basis” for finding the affidavit established probable
cause “to believe that the evidence would be found at
the place cited.” Leon, 468 U.S. at 915
(quoting Gates, 462 U.S. at 239); Greene,
250 F.3d at 478 (quoting Davidson, 936 F.2d at 859).
Because magistrates issue warrants under a
totality-of-the-circumstances approach, reviewing courts
should avoid scrutinizing the supporting affidavit
line-by-line. Gates, 462 U.S. at 246 n. 14;
Greene, 250 F.3d at 479. The decision should only be
overturned if the magistrate exercised his or her discretion
arbitrarily. United States v. Allen, 211 F.3d 970,
973 (6th Cir. 2000).
reviewing the sufficiency of the evidence supporting a
finding of probable cause is limited to the information
presented in the four corners of the affidavit. United
States v. Frazier, 423 F.3d 526, 531 (6th Cir. 2005)
(citing Whiteley v. Warden, Wyoming State
Penitentiary, 401 U.S. 560, 565 n. 8 (1971)). Reviewing
courts should examine the affidavit supporting the
application for a search warrant in a common sense, rather
than a “hypertechnical, ” manner. Gates,
462 U.S. at 236 (quoting United States v. Ventresca,
380 U.S. 102, 109 (1965)); Greene, 250 F.3d at 479.
even if a search warrant lacked probable cause, the
exclusionary rule will not be used to exclude all evidence
found in that search if the officers relied in “good
faith” on the magistrate's issuance of the warrant.
Leon, 468 U.S. at 913, 920.
defendant who seeks to suppress evidence secured with a
search warrant bears the burden of proof to show that such
evidence should be excluded. United States v.
Feldman, 606 F.2d 673 (6th Cir. 1979).
Sufficient probable cause existed to support the search
warrant as to coercion and enticement of a minor (18 U.S.C.
§ 2422(b)) and transfer of obscene material to minors
(18 U.S.C. § 1470).
evidence in the warrant supported probable cause to search at
least some items as to alleged coercion and enticement and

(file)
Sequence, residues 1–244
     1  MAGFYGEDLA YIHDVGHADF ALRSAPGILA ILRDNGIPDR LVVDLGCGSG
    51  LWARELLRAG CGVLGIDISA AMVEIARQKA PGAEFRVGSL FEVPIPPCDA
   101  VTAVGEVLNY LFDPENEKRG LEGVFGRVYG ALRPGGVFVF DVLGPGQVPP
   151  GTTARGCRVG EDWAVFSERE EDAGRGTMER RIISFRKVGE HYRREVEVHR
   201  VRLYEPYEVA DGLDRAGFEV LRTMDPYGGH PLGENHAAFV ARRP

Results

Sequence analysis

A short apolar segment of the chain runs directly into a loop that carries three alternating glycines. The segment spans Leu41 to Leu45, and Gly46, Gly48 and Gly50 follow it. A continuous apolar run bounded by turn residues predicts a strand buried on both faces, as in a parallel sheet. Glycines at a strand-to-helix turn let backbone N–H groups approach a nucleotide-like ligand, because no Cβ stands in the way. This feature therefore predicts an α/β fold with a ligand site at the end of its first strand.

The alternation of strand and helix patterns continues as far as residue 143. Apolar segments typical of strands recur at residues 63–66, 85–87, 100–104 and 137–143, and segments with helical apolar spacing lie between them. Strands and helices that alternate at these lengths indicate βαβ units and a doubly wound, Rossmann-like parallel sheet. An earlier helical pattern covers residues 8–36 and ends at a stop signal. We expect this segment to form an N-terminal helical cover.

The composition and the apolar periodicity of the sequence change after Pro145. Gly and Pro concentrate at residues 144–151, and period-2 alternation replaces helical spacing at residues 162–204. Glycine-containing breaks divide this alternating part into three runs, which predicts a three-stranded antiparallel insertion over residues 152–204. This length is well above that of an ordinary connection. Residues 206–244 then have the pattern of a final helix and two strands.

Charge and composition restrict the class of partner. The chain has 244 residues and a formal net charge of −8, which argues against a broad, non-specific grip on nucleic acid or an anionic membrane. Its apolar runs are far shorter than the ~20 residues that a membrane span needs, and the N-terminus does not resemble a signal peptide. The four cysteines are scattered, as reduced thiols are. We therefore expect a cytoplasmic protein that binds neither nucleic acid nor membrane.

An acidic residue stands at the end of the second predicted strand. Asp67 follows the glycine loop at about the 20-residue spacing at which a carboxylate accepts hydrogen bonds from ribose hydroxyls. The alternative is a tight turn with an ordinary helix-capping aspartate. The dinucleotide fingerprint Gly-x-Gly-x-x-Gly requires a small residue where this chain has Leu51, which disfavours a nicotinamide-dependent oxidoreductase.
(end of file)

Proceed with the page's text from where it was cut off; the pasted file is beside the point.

transfer of obscene material to minors. Defendant had
sexually graphic conversations with a presumably
fourteen-year-old girl, talked about having sexual contact
with her (and other minor girls), and sought to coerce or
entice her for sex. Moreover, Defendant indisputably sent a
picture of his penis to the presumably fourteen-year-old
girl. The affidavit established the necessary nexus between
the conversation and image and Justin Walling, and the
affidavit established Walling's devices at his residence
as the origin of those conversations.
search warrant affidavit states that the items listed
“will be searched and seized to locate property,
evidence, fruits, and instrumentalities of 18 U.S.C.
§§ 2422(b) (coercion and enticement of a minor) and
1470 (transfer of obscene materials to minors).” (ECF
No. 21-1 at PageID.159.) This distinguishes this case from
United States v. Hodson, 543 F.3d 286 (6th Cir.
2008), because in that case, the affidavit “established
probable cause to search for evidence of one crime
(child molestation) but designed and requested a search for
evidence of an entirely different crime (child
pornography).” Id. at 289 (emphasis added). By
contrast, the affidavit in this case established probable
cause to search for evidence of two crimes but designed and
requested a search for evidence of three crimes, as the Court
will discuss in more detail below.
the Court finds, contrary to Defendant's arguments on
this point, ample probable cause existed to search the
residence for evidence of “coercion and enticement of a
minor” and “transfer of obscene materials to
Sufficient probable cause did not exist to support the search
warrant as to receipt or distribution of child pornography
(18 U.S.C. § 2252A).
balance, the information contained in the “four corners
of the affidavit” does not support that the magistrate
judge had a substantial basis to conclude probable cause
existed to search for evidence of child pornography
under the totality of the circumstances.
factual circumstances that gave rise to the search warrant
for child pornography here closely resemble those in
Hodson, even though Hodson is ultimately
similar to Hodson, the defendant engaged in
inappropriate and sexually graphic conversations with who he
assumed to be a minor, shared information that suggested he
had sexual contact with other minors, and solicited the minor
for sex. Based on that sort of behavior, the officer felt
probable cause existed to support a search for evidence of
child pornography. As in Hodson, no
independent factual evidence contained in the four
corners of this affidavit supported probable cause that
evidence of a “collection of child pornography”
was likely to be found in Walling's residence.
(See ECF No. 19 at PageID.93.) While two factual
dissimilarities with Hodson ...